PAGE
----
BREXIT and what it might mean for Brits in Bulgaria

From nytimes.com

From nytimes.com

The vote by a small majority of British to leave the EU sent shock waves around the world. It was a result, no one really expected, especially the leaders of both sides, all of whom have now quit and left the mess for others to sort out. The fall out has started, with the pound plummeting and numerous questions being asked. Of course no one can know what will or will not happen, there will likely be years and years of uncertainty but here I’d like to cover the main points and possible outcomes of Britain leaving the EU, focusing on property ownership and residency issues here in Bulgaria.

I think the first important point to note is that at the moment nothing has actually changed. The UK is still part of the EU, British people are still EU citizens and it is likely to be a minimum of 2 years before any of this changes. Second, both the Bulgarian President and the Bulgarian Prime Minister have already made it clear Bulgaria welcomes British people (and others) and if you can meet the requirements, then there will be no problem gaining residency and citizenship.

In theory leaving the EU means that British citizens can no longer (if and when it actually happens) guarantee the right to live, work and own property in other EU countries. But the initial reaction from most involved in property abroad is that little will change – except for a weaker sterling making it more expensive to buy overseas.

The Vienna Convention on the Law of Treaties is a treaty concerning the international law on treaties between countries and in its simplest form basically says that any agreements between states e.g. such as about allowing property ownership or residency, cannot be revoked. In effect this means that anyone that has acquired rights to property ownership, a right to reside in a particular country etc cannot have those rights removed. The Vienna Convention states that people keep the rights that they once exercised under a treaty, even if that treaty is later terminated. Therefore expats in Europe would retain their “acquired right” to stay there, but it would not apply to people who move abroad AFTER the UK has left. This applies to anyone looking to buy in the next couple of years before the UK officially leaves.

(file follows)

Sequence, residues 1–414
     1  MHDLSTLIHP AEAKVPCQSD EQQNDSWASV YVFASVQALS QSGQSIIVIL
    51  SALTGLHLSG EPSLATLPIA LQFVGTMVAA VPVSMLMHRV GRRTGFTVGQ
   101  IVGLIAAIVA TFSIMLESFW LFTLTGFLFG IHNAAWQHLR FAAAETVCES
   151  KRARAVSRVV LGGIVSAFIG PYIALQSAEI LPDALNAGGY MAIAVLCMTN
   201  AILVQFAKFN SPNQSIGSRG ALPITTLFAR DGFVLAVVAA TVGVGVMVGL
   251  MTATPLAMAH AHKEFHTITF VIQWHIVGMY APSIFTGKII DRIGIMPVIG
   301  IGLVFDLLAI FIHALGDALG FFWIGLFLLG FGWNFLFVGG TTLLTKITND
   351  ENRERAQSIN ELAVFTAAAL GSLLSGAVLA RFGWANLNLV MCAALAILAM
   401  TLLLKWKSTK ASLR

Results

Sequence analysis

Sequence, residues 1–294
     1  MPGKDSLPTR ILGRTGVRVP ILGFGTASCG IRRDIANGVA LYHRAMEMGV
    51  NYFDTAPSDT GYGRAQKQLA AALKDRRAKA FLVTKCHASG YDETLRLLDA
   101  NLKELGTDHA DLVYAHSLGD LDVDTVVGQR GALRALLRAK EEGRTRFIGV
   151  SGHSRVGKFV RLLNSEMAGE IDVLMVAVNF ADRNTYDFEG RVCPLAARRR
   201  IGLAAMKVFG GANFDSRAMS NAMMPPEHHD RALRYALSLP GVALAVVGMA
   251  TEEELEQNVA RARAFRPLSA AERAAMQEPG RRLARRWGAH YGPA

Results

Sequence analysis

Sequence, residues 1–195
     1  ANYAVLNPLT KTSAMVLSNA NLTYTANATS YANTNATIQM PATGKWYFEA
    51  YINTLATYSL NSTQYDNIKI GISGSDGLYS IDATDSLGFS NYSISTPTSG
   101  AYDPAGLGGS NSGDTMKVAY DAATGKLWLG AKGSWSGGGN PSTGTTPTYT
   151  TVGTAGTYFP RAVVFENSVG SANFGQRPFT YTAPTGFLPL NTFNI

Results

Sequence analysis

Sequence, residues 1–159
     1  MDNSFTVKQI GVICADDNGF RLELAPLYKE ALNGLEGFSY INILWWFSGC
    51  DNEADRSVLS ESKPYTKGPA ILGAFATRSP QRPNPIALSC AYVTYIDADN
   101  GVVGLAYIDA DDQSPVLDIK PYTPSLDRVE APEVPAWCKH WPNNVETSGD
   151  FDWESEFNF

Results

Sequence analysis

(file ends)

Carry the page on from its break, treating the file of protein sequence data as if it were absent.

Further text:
But there are those that say the Vienna Convention governs only the actual state and not the citizens of those states and so cannot be completely relied on. But it would cause a massive upheaval and many problems for the millions of Brits living in places like Spain, France, Ireland, Bulgaria, Greece etc if there were drastic changes so seems unlikely rights would be revoked.

But free movement of people and immigration was a fundamental pro-Brexit argument. If the UK decides to take a hardline approach to this and restrict rights and freedoms of movement to others coming into the UK, then other EU member states may very well feel less well-disposed to the idea that they should allow Brits the freedom to live and work and retire easily to their little haven in the sun in another EU country. For many matters it is likely there will be a general overall agreement between the UK and the EU but where not possible or not agreed, there will need to be individual agreements with each EU country and the UK.

Being a fairly new member of the EU and with various rules about residency still in place, the overall feeling in Bulgaria is that little will change. Many British came here and bought property and moved here before Bulgaria was a member of the EU and apart from a bit of extra paperwork and the need to own a house and land through a company, it was not much different. Some say it could revert back to this situation with regard to property ownership.